Intensive weekend begins!

Working in the hotel room to make last minute changes to the first stage of my class project.

Working in the hotel room to make last minute changes to the first stage of my class project.

This has been a rough week – as has been evidenced by the general lack of posts. I suppose that pretty much spells the end of the 31 Days challenge in its truest sense, but it will still be a success for me if I can get back into the rhythm of blogging and writing on a more consistent basis.

This weekend marks a change in the routine. For the past four weeks, I’ve been doing reading, watching videos and participating in chat sessions for two classes. One of those classes goes live this weekend during marathon sessions today (Friday), Saturday and Sunday with the professor at the seminary in Findlay, Ohio.

Some may look on this as a ton of work, but I find these weekends (and for some semesters it’s an entire week) rejuvenating. It’s a chance to get away from the routine and focus on the work for the classes. It gives me the space to remember why I wanted to do this in the first place and to further seek God’s direction in the ministry he would have me do when I finish the classwork.

For now, though, I have to finish one class assignment before I head over to the first session. It’s essentially a proposal for my class project for the semester. To be honest, I stumbled upon the idea much closer to the deadline than I care to admit, but I’m thrilled about the idea and can’t wait to dig in. More about the project when it’s approved by the professor.

Who knows? Maybe I’ll even do a second post this evening.

 

Sabbath

It’s been a quiet day, filled with more reading for the survey of Christian theology course.

Sundays are a little odd for me while I’m taking classes. The rhythm of the day is the same, but there are clear differences. I still spend the day reading with the strangely comforting sound of NFL football providing background noise, but the choice of reading material is significantly different. It’s not lightweight material. It’s hardcore reading that keeps the brain so engaged that I get sleepy…early.

And so the post is short today. It is a day of rest, after all.

30 minutes at a time

Sometimes I’m thankful for a rainy, cold weekend.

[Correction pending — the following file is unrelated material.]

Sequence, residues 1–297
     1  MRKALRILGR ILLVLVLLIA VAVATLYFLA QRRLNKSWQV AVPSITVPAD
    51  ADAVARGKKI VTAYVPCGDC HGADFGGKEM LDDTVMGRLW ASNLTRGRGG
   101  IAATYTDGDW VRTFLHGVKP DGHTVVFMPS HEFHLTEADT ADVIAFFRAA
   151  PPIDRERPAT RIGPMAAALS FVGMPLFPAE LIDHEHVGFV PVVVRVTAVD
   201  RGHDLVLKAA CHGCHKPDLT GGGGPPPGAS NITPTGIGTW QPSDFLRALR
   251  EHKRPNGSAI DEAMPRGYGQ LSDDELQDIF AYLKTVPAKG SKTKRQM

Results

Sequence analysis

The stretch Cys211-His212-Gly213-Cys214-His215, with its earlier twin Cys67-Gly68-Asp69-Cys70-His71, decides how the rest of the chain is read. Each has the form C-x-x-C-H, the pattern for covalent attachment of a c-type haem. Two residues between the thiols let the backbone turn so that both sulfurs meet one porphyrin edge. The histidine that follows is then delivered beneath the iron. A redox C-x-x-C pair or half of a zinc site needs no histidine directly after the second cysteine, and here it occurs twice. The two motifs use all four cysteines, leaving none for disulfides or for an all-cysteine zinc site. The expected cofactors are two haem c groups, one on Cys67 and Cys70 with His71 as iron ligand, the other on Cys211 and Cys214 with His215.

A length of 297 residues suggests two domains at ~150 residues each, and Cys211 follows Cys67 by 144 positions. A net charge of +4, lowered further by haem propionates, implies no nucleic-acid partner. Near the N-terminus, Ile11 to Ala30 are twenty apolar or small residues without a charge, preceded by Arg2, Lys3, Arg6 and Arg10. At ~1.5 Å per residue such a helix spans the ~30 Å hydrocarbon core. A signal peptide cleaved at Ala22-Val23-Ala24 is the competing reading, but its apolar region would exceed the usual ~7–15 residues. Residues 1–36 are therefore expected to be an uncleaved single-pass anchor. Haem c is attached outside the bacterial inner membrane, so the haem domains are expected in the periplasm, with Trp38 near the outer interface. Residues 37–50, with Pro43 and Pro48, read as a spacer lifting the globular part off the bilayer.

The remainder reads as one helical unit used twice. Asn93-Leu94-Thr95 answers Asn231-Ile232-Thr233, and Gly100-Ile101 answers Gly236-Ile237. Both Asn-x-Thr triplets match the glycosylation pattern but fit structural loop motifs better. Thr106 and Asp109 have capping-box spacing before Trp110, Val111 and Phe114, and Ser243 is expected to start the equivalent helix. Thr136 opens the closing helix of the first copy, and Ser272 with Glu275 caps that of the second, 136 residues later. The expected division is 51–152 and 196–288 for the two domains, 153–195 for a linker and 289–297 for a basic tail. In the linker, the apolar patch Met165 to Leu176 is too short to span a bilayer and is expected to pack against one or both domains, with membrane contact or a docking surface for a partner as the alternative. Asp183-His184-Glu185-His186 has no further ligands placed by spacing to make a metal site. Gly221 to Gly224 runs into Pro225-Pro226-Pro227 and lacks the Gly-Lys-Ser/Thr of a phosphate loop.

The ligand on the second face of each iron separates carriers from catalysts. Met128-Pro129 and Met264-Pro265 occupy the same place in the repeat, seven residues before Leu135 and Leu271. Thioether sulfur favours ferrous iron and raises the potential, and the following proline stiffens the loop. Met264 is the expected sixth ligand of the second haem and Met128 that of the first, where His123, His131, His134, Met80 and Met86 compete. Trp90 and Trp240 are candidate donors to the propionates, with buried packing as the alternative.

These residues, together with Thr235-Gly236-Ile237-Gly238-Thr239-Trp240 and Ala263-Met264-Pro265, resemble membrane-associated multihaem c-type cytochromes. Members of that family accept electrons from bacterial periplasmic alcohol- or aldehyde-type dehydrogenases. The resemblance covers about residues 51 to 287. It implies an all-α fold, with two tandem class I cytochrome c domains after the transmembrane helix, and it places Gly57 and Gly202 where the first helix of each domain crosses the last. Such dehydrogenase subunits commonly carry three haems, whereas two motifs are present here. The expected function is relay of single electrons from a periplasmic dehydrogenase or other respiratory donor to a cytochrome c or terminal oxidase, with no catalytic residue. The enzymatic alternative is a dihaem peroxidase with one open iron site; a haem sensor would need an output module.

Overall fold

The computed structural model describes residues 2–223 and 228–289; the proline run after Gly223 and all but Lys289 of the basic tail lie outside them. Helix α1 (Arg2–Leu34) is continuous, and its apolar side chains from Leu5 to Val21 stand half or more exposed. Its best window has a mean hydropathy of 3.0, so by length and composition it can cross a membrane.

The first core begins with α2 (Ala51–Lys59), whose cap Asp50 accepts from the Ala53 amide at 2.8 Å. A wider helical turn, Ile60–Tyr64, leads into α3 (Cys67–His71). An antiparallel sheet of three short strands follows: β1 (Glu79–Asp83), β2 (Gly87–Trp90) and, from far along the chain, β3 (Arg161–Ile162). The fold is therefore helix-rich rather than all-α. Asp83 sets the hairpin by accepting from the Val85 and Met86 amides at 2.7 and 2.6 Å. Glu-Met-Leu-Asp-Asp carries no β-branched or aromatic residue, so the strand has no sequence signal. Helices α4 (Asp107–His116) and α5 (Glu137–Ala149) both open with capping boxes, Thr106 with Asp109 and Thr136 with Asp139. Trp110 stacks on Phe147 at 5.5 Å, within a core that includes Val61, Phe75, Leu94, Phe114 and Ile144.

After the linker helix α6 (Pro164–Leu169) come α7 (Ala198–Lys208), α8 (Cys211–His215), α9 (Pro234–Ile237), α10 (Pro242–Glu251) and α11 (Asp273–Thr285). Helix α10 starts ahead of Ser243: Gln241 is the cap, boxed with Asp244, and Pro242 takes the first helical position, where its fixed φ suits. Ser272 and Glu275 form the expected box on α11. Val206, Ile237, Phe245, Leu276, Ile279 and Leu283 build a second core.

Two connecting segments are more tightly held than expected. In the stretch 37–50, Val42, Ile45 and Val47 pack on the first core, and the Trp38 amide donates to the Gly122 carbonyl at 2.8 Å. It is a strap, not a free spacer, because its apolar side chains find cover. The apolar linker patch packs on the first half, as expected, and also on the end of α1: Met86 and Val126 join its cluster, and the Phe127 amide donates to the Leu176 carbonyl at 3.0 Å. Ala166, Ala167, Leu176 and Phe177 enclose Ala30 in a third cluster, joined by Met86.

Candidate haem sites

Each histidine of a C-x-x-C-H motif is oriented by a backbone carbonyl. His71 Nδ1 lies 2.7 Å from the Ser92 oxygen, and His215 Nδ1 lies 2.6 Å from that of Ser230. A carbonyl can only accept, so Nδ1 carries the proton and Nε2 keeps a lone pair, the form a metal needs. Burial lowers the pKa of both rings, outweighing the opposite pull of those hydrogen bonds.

When the week gets away from me and the assignments pile up for my two seminary classes, the weekend becomes catch up time. It’s the time when I bury my head in a book or watch the course videos.

But, with that there comes another area for balance.

Ever since I landed on the planet in the winter before the moon landing and Woodstock, Saturdays were for house cleaning. Oh, when I was little and Mom stayed at home, she did some of the work through the week. The bigger projects and the deeper cleaning were kept for the weekend. Refrigerators would be cleaned out, laundry would be done, floors mopped and carpets vacuumed.

You don’t just jettison a decades-long habit because you have to read a chapter discussing the differences between Irenaeus’ and Augustine’s thoughts on free will in relation to the sovereignty of God. (And, yes, that is indeed what I was reading today.)

What you do is adjust. I’ve found a variation of the Pomodoro technique works well on the weekends. The technique breaks work down into typically 25-minute intervals with a short break. I’ve used it at work, and it’s stunning how much more clearly you think if you take a walk around the office every so often.

So, for the weekends during the seminary, I adjust the times to be more reasonable for the work I am doing. Today, for example, I started off with about 30 minutes of cleaning and sorting laundry. That was followed by 30 minutes of a video on the divine covenants. Then, 30 more minutes of cleaning, followed by an hour of online chat with the professor and my classmates.

You get the picture.